dean at av8.com
Sat Nov 27 21:12:37 UTC 1999
Around 07:11 PM 11/25/1999 -0600, rumor has it that Edward S. Marshall said:
>Show me one ISP/NSP out there who isn't running beta or alpha code
>somewhere in their infrastructure. Never ran a x.0 version of IOS? Never
>patched a piece of software with an "unsupported" patch to fix an issue
>affecting service? Never developed such a patch yourself (or had a staff
>member do so)?
Beta/Final doesn't matter so much. It has to work. If it doesn't work, its not going to get deployed until it does work. We are looking into it. But it probably won't happen immediately, until we know it works, and doen't interfere with our services. While John Levine says it works already in exchange, and outlook, I haven't figured out (after only a little bit) how to configure it in Outlook, or Eudora. Or unix mail. So it probably will take some effort to deploy.
>Incorrect. It's a customer training issue, and a little development time
>on your part. If you can't use SMTP AUTH, don't. Use POP-before-SMTP. Whip
>up a custom finger daemon to accept a username/password pair in the same
>manner. Create a webpage for your customers to enter a username and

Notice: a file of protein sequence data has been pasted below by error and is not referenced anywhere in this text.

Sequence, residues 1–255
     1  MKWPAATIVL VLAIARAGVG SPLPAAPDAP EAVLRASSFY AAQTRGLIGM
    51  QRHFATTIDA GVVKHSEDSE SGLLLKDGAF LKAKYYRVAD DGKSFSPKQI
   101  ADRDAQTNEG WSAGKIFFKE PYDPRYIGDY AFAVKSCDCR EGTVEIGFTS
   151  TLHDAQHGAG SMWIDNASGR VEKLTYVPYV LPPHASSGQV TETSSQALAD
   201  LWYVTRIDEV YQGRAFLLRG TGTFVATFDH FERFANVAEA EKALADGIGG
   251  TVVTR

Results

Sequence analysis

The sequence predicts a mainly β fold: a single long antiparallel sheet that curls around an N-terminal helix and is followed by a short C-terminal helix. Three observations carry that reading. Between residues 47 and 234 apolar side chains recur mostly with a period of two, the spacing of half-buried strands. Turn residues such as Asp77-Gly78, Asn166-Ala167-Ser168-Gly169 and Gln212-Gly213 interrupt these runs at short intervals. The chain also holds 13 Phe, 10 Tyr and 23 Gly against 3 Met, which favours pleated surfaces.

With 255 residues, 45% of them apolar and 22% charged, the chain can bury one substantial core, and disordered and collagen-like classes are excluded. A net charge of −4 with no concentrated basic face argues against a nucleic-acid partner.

>password on to authenticate themselves. Use a VPN. Use magic headers or
>subject lines that your MTA catches and uses as identity verification.
>Provide a web-based interface for your customer's email. Use UUCP.
This is so foolish, I'm just about tired of explaining. Most of the people who continue asserting the above have been made aware that none of those schemes comply with standards. The SMTP AUTH RFC 2554 is standards track, but not standard. Anyway, as has been said numerous times before, ANY STANDARDS COMPLIANT MTA MUST BE ACCEPTABLE FOR USE BY A CUSTOMER. Pop before SMTP, or special web/vpn web apps don't cover the category of "any standards compliant mta". We know about them. Probably more than you. So please stop blathering about them.
>Just because you're too lazy/ill-funded to develop a solution to a problem
>YOU'VE created (by CHOOSING to offer that service to your customers),
>don't expect us to feel sorry for you.
Relay services have been around longer than spam. Certain antispammers created the problem by advertising our service as free to spammers to incite crimes. The antispammers created this problem on purpose because they are too few, too lazy, too unrealistic, too extreme, too politically inept, and too ill-funded to make spam illegal. So they have to resort to criminal acts [terrorism] to try to get the issue some attention.
>Since when did NANOG become a forum for hosting issues? This will be my
>only post to this thread on this list; take it to inet-access or
>rbl-discuss, if you must.
This has already been discussed on rbl-discuss, where the conclusion was that "soon we'll have a software solution for you." [implying that currently, we have to relay]. It has become an operational issue since legitimate operators are being attacked, and connectivity to the net is being affected.
Plain Aviation, Inc dean at av8.com
More information about the NANOG